A Long Day of Driving: Now What?
The amount of miles we've already put on our RV, "Lance" since we picked him up a few months ago is almost embarrassing to admit. We've put on over 7,000 miles already, and I'm far from proud of it. As fitness people who preach slowing up, stopping lots, driving less, doing more...well, we should be the last people with that many miles under our belts.
Here's a perfect example. A few weekends ago, we were invited to participate in a fun Kansas City cycling event, the Northland Nightmare. It was a costume-themed biking fest, with activities for people brand new to cycling all the way up to 62 mile rides for more seasoned cyclists.
After the biking festivities, there was live music, drinks, food, and camaraderie. James and I rolled in pretty late the night before after driving 8 hours, camped right at the event's start, and rolled out around 3pm after the event, and drove another 6 hours that evening. We were in Kansas City with enough time to sleep, ride 62 miles, eat some fajita salads, meet some cool Kansas City people, and get back in the RV; next stop California (or bust). So, you can get a feel for how those 7,000 miles came to be.
It's funny what a long drive can do to you, isn't it? Even though the RV wheels are turning, your own wheels? Not so much. You aren't doing anything difficult or strenuous, yet you feel pretty tired and sluggish from all the sitting, the zoning out. Your energy wanes, and all sorts of stiff, sore, achy spots pop up, too. And ironically, when you reach your destination, it can be really hard to find any motivation to do anything, except more sitting. Despite all the long drives we've done lately, James and I do have a few habits to help combat those ill-effects. Here are a few things we do, and you can, as well, to help your body and your mind recover after a long drive:
1. Don't Sit More.
While you might be tempted to set up the lawnchair and just sit the rest of the day away, resist! Get yourself moving right away once your long drive is over. Get the RV hooked up, set up your camp, putter inside the RV preparing your next meal or straightening up.
If your long drive is the end of a trip, do the RV unloading immediately, don't wait. Do anything you can directly after your long drive BUT sit.
2. Take a Walk.
Exercise is the best way to get your body regulated after a long day of sitting and driving. Not only will you increase your circulation, walking will clear your head and get you thinking sharper. It's also one of my favorite things we RVers can do...taking a walk and exploring new and unknown destinations.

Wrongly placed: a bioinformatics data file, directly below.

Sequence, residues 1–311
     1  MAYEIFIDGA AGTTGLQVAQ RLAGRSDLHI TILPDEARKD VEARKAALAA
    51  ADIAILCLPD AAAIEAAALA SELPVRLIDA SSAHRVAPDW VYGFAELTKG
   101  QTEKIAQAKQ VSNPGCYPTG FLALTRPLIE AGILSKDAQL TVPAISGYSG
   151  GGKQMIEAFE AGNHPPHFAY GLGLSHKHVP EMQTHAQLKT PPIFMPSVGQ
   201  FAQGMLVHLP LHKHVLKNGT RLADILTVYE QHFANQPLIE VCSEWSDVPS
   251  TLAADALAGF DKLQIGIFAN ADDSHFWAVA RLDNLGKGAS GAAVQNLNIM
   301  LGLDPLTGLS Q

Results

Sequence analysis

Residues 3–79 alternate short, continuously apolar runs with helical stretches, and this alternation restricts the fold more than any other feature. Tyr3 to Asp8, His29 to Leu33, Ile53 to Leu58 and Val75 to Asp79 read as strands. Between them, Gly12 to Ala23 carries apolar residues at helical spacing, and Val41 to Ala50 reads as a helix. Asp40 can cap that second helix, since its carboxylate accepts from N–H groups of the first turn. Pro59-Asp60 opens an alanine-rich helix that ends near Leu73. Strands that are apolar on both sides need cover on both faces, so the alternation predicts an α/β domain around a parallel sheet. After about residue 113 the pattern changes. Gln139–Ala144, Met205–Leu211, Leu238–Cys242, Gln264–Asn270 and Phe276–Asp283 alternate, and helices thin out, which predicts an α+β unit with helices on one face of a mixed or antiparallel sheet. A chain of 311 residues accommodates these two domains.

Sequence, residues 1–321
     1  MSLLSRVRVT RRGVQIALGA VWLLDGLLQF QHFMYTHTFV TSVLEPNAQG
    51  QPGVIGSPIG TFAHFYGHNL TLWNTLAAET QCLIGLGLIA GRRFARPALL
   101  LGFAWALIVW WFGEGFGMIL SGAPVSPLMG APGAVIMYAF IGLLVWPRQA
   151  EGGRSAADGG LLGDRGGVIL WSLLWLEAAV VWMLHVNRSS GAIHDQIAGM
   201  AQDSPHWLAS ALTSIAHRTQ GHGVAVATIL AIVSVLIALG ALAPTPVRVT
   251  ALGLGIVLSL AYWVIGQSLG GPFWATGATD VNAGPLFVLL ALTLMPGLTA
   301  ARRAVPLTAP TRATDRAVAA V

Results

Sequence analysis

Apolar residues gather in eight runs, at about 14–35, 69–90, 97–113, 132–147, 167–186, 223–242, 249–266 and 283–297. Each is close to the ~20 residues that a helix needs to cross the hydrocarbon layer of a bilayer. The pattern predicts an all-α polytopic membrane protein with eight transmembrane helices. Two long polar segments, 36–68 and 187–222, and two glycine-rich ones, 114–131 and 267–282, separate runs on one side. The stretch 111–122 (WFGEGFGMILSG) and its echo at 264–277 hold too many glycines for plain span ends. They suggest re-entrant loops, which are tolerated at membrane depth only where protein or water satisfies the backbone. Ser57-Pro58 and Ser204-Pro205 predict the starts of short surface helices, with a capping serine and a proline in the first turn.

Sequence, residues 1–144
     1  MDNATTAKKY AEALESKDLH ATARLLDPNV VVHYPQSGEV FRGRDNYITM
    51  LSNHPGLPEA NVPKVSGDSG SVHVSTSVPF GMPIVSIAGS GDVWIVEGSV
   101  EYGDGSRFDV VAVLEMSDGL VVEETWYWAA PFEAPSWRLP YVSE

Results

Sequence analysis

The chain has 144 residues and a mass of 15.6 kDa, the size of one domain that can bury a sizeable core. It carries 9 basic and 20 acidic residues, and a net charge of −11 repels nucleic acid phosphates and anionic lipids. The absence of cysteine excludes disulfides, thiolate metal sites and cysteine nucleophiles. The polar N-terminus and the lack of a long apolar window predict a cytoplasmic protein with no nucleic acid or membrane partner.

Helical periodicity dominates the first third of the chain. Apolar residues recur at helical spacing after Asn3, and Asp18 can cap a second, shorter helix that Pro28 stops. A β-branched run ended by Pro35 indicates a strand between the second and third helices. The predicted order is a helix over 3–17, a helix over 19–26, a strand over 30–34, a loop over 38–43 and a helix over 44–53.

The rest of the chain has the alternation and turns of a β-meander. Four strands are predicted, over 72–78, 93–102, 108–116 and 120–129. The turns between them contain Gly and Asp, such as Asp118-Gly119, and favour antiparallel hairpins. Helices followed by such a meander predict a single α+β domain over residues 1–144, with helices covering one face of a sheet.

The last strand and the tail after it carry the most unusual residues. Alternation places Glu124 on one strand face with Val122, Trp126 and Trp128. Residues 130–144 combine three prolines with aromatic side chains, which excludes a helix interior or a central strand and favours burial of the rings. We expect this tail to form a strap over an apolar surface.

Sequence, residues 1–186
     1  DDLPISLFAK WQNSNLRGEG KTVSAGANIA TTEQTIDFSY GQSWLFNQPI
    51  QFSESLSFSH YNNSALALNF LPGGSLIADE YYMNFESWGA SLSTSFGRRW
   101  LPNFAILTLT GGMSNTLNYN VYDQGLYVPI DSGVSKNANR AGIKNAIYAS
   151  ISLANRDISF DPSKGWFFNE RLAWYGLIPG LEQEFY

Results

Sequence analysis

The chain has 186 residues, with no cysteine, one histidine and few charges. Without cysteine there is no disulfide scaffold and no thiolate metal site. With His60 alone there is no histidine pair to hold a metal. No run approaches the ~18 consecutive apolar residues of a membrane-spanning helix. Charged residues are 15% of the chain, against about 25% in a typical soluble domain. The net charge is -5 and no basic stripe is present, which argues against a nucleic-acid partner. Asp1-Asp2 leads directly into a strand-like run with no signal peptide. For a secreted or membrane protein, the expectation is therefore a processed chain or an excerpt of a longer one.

You can see some pretty amazing things once you lace those athletic shoes up and head out the RV door.
Your muscles and joints were made to move. When they don't for long periods, it can cause stiffness and inflammation in the body. Stretching after any drive is a smart habit, because it counteracts the lack of movement during the drive.
If you're interested in 5 stretches specific for RVers, you can watch my video here.
4. Drink a Big Glass of Water.
Water helps energize your muscles. Your muscles get fatigued when cells don't maintain their balance of fluids and electrolytes, and let's face it. We tend to drink less driving to avoid lots of pit stops. Long durations of sitting also slows all the body's systems, including fluid regulation. Drinking water directly after a long drive will help get your body balanced and back to its normal healthy state. You can make your water even more interesting with some fruit and herb ice cubes like these.
5. Do Some Self-Massage.
James and I always travel with a massage roller. Self-massage reduces stiffness and increases your circulation, but there's more to it than that.
Self-massage creates a feeling of greater clarity and energy...two things greatly lacking after a long drive. Since it also reduces stress and improves your mood, self-massage is a nice way to relax after so many hours on the road.
So there you have it...5 healthy tips to recover after a long drive. Hopefully, you're RVing much smarter than us, though, and driving much less. One thing we all should remember: slow down. After all, there's so much more to see.
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